Citybox is a no-frills hotel in the city centre with bargain (for Norway) prices. Check-in was entirely automated via a kiosk where you scanned your passport and swiped your credit card before a keycard popped out.
And my room for 769 NOK ($88) for the night. Simple, clean and perfect for my short stay in Oslo. The jetlag was catching up with me so I crashed out for an afternoon nap.
In the evening I went out for a walk through the city again. Youngstorget Young Square at the junction of Storgata and Møllergata streets.
A bus stop on Møllerveien as I headed north.
And outside Mathallen.
Mathallen is an indoor food market in Oslo with more than 30 specialty shops, cafés and eateries.
And some pulled chicken with coleslaw and potato salad for dinner for 95 NOK ($11).
Walking back to the city centre along the colourful Brenneriveien Street.
The sun begining to set over the Oslofjord after walking down to Akershusstranda.
The Astrup Fearnley Museum of Modern Art in Strandpromenaden.
The MS Fjordkongen on its way to Nesoddtangen.
The ferry MS Stena Saga coming into port.
Cruising past the island of Hovedøya in the Oslofjord.
Owned by the Swedish shipping company Stena Line, the MS Stena Saga operates on the route between Frederikshavn in Denmark and Oslo.
And about to dock at the Stena Line ferry terminal at Akershusstranda.
Looking down at the four Rådhusbryggene (city hall docks) with Rådhuset (Oslo City Hall) top-centre.
And the 13th century Akershus Fortress below before heading back to the hotel at the end of day 1.
Outside Oslo Central Station again just after 7am to catch the Flytoget Express back to Oslo Airport.
The GMB Class 71 train ready to whisk us away to the airport.
And at departures ready to check in for my SAS flight to Tromsø.
After passing through security I grabbed some breakfast before heading to the gate.
The SAS 737 which arrived about 30 minutes late, delaying our departure to Tromsø slightly.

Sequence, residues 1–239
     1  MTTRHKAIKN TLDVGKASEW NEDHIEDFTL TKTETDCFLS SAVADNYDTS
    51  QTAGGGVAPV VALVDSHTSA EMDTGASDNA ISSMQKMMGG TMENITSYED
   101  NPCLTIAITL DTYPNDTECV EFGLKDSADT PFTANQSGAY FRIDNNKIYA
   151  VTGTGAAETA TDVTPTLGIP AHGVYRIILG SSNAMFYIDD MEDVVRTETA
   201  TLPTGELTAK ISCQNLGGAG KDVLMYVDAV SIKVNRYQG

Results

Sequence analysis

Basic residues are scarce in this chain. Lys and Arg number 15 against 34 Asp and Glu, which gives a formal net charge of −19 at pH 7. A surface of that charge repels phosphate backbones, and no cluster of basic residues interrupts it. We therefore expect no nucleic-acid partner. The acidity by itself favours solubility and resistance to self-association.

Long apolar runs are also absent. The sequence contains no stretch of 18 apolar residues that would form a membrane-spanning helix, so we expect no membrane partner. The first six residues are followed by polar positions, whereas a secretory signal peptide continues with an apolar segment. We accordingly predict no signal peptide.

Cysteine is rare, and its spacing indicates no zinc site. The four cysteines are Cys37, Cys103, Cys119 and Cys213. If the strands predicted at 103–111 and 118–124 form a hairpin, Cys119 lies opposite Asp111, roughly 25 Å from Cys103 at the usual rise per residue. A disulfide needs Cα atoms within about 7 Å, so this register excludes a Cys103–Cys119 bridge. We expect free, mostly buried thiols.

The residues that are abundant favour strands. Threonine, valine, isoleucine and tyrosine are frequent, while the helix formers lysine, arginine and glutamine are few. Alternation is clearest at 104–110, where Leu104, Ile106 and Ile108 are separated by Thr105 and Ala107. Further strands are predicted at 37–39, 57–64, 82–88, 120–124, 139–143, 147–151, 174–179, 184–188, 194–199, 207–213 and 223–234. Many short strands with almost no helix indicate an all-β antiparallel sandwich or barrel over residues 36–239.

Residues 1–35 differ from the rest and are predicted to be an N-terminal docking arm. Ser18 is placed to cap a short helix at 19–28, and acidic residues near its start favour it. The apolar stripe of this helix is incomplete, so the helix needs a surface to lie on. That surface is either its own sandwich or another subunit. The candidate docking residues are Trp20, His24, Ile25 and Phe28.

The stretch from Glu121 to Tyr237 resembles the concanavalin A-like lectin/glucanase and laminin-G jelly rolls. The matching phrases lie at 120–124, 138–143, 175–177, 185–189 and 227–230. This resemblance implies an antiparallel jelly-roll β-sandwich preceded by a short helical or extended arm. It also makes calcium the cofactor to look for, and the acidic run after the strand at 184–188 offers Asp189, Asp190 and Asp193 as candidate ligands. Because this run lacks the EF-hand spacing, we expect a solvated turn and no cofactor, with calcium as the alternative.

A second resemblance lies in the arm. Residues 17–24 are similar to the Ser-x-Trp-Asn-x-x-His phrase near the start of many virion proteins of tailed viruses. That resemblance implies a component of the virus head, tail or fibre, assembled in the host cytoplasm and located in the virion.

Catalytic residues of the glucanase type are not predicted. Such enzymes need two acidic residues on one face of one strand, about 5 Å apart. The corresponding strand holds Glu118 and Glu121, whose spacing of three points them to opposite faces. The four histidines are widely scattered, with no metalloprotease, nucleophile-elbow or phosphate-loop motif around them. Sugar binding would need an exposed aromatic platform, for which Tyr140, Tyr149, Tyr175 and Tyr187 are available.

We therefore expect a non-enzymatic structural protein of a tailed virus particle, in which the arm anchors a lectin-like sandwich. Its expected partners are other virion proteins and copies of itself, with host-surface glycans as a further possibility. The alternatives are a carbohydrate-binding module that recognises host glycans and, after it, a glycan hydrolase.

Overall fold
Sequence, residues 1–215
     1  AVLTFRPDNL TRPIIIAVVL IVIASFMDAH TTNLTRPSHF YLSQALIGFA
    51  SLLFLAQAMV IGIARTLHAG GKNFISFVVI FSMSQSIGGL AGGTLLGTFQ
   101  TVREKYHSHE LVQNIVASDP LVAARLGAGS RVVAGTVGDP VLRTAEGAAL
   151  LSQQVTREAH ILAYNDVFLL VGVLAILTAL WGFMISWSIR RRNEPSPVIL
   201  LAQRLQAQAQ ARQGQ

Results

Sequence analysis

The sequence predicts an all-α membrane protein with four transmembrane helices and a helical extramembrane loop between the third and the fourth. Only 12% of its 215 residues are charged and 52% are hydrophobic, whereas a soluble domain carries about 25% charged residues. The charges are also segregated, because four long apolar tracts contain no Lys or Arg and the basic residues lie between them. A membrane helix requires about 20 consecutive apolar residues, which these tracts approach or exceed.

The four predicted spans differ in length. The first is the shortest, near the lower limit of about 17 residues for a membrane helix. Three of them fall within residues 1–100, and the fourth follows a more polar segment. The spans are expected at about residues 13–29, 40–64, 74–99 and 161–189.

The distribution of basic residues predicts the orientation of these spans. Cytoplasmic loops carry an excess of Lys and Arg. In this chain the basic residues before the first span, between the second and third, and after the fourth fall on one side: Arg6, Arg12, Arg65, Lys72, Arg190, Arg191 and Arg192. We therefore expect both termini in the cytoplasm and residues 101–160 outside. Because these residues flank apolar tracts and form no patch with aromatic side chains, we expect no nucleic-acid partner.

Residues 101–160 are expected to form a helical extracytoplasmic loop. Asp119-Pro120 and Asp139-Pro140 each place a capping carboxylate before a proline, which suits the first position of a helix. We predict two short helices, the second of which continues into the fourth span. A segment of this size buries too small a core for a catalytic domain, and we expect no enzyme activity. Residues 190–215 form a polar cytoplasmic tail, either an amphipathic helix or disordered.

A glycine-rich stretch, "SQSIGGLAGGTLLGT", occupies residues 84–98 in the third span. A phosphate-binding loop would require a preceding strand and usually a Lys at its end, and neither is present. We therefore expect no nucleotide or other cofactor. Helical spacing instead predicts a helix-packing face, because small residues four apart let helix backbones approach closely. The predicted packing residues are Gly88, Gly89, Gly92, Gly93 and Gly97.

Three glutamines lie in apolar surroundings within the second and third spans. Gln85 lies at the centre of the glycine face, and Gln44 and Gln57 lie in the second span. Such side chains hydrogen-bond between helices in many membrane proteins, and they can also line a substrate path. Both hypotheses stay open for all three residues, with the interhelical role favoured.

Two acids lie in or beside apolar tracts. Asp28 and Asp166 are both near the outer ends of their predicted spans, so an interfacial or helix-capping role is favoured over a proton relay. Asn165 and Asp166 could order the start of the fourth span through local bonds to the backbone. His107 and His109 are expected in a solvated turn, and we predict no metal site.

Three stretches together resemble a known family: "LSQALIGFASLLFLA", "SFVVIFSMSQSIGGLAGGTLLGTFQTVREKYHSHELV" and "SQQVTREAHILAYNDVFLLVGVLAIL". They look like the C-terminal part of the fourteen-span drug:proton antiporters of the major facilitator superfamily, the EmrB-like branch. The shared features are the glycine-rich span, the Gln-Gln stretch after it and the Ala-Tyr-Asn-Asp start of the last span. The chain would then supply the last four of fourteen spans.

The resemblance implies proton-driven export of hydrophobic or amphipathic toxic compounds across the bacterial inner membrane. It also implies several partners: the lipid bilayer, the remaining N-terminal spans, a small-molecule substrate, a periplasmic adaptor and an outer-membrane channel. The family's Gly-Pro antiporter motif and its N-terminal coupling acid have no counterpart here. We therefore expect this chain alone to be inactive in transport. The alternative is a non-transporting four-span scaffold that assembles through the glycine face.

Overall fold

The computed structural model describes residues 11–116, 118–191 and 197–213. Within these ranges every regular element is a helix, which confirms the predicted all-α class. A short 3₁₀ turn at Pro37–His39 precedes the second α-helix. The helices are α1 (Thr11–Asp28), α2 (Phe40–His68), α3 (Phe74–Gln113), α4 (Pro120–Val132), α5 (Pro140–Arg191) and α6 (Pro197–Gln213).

The safety demonstration underway as we prepare to depart.
And finally on our way to the Arctic Circle.
The snow covered winter Norwegian landscape below as we ascend to cruising altitude.
Complimentary coffee with a muffin bought from the service cart.
Ice crystals forming on the window as we descend into Tromsø Airport.
And being greeted by Sigrid from the Tromsø Villmarkssenter (Wilderness Center).
We then made the 30 minute drive over the bridge from Tromsøya Island (where the airport and city of Tromsø was located) to the larger Kvaløya Island.
Sigrid was from Sweden and it was her first winter working at the Villmarkssenter. She would also be joining the five day dog sled expedition.
After arriving at the Villmarkssenter I was warmly welcomed by the owner Tove Sørensen, who would also be on the trip. Tove setup the Villmarkssenter in 1988 initially as a home for dogs and has since competed 19 times in Europe’s longest dog sledding race, the 1,100 kilometre Finnmarksløpet.
I then met her son Torkil (or just Tor) and the leader of our trip, as well as the other three guests; Nigel from the UK, who was semi-retired from the RAF but still worked for them as a civilian instructor, Kelly, a singer from New York, and Sarah, a nurse from Missouri.
We then had a lunch with some Lapskaus, a thick Norwegian stew of meat and potatoes.
One of the resident dogs chilling just behind us.
We then gathered around for our trip briefing. There would be a total of ten people on the five day trip. As well as Torkil and Tove there would be four staff; Sigrid from Sweden, Ted and Lina from Lithuania and Isabella from Argentina.
Tor then gave us a tour of the Villmarkssenter with first a look at a sled that was similar to what we would be using. We would each have to carry in the sled our tent, food, dog food, camping mattress, shovel as well as clothing and other personal gear etc.
One of the dogs wearing a cone while recovering in the indoor kennel.
And the outdoor kennels with the rest of the dogs.
I was expecting the working dogs to be a little more aggressive and not so friendly but they were very pleasant and Tor said that he had never been bitten in his 20+ years.
A couple of very cute puppies snuggled up.
Kelly being tempted to take one home!
Back inside again where we were fitted with our boots for the trip. They were definitely the largest I have ever worn and almost resembled moon boots. As well as wearing two pairs of socks they had an inner liner to keep the toes and feet nice and warm.
Trying on the Arctic grade jackets to survive the snow and cold for the next few days.
Getting a lesson on how to use the Primus burners to cook and melt snow with. The element had to be first pre-heated to properly vaporise the white gasoline fuel to get the strong blue flame.